Wednesday, June 10, 2009
An Emotional Graduation Day for this High School Senior
I had just started reading an article in Newsweek about America's top public high schools when Nick strolled into my office, plunked down his backpack, and settled into a chair.
"What are you reading?" he asked, grabbing a handful of M&Ms as he moved his chair next to mine and stared into my computer screen.
This is one of the many reasons I love working at The Forum. Every afternoon, like clockwork, a varied group of teenagers wanders into our office and treats it like a second home - a special, safe place where they can relax, eat snacks, mingle with staff and each other, and work on office computers. Most of these kids are members of our YOUTH Forum who live or go to school near our office in downtown Hartford, though not always. Sometimes they bring friends, and soon these friends bring friends of friends, and one by one, one conversation at a time, we get to know them all.
And just as these kids may benefit from spending time in our office and feeling their worlds expand, I know for a fact that we benefit more.
"So they just came out with a list of the top high schools in America," I tell Nick, trying to subdue any hints of my own skepticism about Newsweek's ranking system. "Can you guess what high schools made the list in Connecticut?"
Nick, a graduating senior at East Hartford High School and a proud member of their award-winning ballroom dancing team, was quiet for a moment, and then said, "No place around here."
In many ways, he was right. Though Connecticut's "top public high school" was located just a few miles away from his own - and, incidentally, right in my own town - for Nick and many others like him, it seemed miles away and completely out of reach.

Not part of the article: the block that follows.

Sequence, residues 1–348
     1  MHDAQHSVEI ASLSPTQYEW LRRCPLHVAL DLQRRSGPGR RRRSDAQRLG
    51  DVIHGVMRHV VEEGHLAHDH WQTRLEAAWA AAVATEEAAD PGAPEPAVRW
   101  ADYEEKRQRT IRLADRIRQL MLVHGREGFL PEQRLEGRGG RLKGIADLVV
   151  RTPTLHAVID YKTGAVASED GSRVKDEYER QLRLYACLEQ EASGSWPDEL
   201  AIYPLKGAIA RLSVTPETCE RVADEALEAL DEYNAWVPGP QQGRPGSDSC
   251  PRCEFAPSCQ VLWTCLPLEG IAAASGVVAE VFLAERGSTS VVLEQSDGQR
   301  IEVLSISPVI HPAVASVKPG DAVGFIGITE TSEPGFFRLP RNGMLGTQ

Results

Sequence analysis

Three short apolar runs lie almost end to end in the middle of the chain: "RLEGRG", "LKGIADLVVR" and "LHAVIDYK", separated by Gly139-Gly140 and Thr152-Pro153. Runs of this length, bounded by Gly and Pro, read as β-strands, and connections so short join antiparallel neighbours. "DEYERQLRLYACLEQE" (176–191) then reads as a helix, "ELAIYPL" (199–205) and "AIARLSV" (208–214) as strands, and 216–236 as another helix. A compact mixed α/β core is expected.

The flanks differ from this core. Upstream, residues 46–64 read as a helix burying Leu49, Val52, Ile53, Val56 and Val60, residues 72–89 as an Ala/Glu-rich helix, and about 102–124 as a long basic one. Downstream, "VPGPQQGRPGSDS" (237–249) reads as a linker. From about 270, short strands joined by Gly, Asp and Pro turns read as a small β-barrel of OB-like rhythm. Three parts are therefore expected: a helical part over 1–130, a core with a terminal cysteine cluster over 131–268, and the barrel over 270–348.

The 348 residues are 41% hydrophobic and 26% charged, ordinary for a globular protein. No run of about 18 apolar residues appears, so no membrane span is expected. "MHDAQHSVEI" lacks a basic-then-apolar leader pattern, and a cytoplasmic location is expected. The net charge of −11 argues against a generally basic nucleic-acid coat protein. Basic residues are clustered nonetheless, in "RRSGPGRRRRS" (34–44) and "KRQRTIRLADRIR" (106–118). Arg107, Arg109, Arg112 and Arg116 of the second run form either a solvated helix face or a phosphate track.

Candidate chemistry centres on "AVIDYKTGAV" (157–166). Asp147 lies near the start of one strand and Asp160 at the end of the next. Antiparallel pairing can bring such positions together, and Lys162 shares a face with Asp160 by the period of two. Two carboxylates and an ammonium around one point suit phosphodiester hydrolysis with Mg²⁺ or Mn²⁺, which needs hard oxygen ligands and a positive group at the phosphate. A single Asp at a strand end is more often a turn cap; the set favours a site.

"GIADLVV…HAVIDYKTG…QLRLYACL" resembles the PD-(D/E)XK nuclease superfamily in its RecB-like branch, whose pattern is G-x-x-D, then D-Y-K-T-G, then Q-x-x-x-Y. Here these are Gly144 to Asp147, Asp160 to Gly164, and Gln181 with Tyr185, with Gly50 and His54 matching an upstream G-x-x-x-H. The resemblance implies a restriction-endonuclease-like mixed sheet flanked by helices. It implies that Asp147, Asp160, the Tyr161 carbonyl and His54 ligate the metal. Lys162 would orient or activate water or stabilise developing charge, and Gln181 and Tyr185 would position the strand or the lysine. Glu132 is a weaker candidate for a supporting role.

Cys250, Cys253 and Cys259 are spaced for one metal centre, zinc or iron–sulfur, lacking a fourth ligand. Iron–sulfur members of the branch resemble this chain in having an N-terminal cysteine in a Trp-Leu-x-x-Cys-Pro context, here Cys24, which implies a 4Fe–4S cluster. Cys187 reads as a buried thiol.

"How did you get started on the ballroom dancing team?" I asked, decidedly changing the subject but curious, too.
"Well," Nick responded, smiling, "I had been fooling around in Spanish class and my teacher gave me detention. She said I could either show up at detention after school, or meet her at the ballroom dance team practice. I went to the practice and they told me I had good posture, good frame. I've been dancing ever since. We just won the inter-district championship."
"What's your graduation day going to look like?" I continued, eager to learn more about Nick, clearly a shining star in a high school that never even came close to making Newsweek's list of the top 1,500 high schools in America. "What will that day be like for you?"
Nick didn't hesitate. "It'll be emotional," he said, pausing, then adding, "I'll be the first one in my family to graduate high school on time, and the first one in my family to go to college."
He'll do even more than that. Nick will participate in a rigorous 6-week academic summer program designed to help him prepare for college classes. He will live in a dorm during the week and go home on weekends.
"But what about laundry?" I asked, genuinely curious. "And what about ballroom dancing? Will you keep at it?"
Nick just smiled in a way that only Nick can: full of joyful exuberance and youthful charm.
"I'm not sure about the laundry," he said, "but I may just have to start my own ballroom dancing team at college."
You may have to do that, Nick. And Nick? When you do, it'll be music to my ears.